Red Cross pegs press as its new blood in PR

WASHINGTON: The American Red Cross is sending journalists back to

school.



Blood 101, a new PR initiative, is designed to educate reporters about

what the Red Cross does in an effort to increase blood donations.



"We've fallen into a rut with our PR," said Bill Blaul, SVP of

communications and marketing for the Red Cross. "Whenever the Red Cross

is in the news, it's another 'the Red Cross is having a blood shortage'

story. We wanted to give the media a fresh perspective and teach them

about why we have trouble collecting blood and why our prices have gone

up."



Blaul was referring to soaring prices since the FDA's recent ban of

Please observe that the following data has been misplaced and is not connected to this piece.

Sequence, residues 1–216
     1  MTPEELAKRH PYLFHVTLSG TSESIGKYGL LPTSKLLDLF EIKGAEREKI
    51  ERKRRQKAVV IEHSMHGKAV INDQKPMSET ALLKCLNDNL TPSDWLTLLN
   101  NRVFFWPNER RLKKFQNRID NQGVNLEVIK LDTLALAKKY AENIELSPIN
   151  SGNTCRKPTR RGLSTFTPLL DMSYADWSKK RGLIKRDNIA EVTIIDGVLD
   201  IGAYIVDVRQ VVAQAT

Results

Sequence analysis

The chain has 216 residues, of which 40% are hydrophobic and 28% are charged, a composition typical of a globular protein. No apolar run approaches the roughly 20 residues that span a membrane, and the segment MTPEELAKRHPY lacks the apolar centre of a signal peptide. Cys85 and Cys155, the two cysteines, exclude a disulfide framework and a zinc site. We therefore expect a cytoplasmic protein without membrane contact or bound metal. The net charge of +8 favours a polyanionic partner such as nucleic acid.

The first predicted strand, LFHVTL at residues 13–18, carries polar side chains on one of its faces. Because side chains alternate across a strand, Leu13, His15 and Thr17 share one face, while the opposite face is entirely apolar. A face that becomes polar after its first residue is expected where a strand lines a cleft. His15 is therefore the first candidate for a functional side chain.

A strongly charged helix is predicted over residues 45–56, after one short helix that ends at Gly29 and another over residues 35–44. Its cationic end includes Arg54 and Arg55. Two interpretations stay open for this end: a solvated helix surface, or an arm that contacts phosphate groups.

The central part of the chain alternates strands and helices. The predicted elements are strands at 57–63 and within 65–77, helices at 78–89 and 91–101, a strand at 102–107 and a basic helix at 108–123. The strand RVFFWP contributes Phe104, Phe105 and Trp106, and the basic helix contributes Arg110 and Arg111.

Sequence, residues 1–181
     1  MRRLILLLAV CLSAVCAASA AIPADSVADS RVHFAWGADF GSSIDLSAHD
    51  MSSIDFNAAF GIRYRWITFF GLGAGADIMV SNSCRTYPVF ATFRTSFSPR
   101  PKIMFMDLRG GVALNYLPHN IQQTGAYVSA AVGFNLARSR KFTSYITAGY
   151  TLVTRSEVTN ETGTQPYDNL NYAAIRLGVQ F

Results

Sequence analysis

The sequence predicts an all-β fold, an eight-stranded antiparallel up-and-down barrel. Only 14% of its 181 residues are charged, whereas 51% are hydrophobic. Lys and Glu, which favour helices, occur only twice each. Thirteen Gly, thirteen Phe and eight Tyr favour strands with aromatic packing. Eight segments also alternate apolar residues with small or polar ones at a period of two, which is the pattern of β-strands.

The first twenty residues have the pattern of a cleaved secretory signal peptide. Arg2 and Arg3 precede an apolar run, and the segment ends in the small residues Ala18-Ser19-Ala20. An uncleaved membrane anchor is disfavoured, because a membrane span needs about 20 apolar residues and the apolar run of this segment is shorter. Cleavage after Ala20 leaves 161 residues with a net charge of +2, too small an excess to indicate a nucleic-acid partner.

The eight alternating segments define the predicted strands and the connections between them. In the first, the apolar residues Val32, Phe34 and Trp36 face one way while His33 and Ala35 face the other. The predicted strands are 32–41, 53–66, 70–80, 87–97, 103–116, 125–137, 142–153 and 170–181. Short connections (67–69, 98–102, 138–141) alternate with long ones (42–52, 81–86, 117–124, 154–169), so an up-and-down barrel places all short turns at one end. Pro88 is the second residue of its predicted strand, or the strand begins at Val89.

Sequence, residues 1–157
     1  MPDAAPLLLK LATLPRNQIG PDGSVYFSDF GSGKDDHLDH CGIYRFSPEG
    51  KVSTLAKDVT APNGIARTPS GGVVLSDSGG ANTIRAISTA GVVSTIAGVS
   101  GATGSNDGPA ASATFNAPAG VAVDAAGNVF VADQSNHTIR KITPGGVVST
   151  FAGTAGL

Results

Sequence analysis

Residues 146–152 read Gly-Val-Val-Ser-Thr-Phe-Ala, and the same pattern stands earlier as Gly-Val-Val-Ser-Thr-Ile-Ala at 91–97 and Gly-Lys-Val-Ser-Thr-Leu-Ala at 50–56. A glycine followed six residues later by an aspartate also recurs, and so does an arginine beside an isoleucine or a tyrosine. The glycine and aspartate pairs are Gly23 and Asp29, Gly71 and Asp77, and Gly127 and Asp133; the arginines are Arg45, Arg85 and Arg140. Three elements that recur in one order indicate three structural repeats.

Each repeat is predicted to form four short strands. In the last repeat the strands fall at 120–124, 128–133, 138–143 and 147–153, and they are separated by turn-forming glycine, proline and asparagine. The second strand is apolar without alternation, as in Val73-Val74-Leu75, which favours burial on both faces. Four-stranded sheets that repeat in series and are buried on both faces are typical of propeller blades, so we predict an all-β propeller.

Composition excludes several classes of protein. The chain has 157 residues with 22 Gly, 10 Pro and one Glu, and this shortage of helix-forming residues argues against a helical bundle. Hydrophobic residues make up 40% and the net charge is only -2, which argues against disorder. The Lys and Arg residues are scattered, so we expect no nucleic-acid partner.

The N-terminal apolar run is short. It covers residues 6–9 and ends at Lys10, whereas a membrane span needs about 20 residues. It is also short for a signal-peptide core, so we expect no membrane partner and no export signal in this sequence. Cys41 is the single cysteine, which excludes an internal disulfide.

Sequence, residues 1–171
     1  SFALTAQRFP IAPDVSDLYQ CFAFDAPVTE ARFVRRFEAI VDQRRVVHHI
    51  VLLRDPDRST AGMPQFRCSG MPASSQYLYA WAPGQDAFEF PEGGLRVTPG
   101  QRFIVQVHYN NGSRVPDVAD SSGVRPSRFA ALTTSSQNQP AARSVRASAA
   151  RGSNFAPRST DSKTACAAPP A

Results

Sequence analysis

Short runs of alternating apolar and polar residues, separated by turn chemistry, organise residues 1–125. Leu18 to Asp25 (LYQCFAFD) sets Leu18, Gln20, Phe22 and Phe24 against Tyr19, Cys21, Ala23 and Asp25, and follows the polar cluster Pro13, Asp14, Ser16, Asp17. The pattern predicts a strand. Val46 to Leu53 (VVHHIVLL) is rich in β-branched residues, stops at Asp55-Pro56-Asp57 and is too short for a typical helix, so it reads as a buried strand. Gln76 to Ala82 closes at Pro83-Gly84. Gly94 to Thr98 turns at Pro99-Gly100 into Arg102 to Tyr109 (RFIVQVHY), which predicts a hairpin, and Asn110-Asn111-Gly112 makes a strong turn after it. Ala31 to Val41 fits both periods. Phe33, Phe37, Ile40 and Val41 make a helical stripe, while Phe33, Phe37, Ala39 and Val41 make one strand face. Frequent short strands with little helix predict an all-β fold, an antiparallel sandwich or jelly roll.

blood donors who had spent more than six months in Europe between 1980

and 1996.



Blood 101 is a half-day class in which PR communicators walk journalists

through the blood-giving process, from testing to showing how blood is

packaged and shipped. The first class was held in Philadelphia.

Reporters from USA Today and CNN attended and later filed favorable

stories about the problems the Red Cross is facing. The class will roll

out to 36 other regions in due course.



The regional headquarters will work with the Red Cross in Washington, DC

to come up with a list of the top-ten healthcare reporters in their

respective areas, and then invite them to attend Blood 101 seminars.



"The Red Cross used to spend most of its time direct mailing," said

Blaul, "but we have been learning how to handle the media and certain

problems, such as the increase in the cost of blood, and dealing with

the mad-cow scare."



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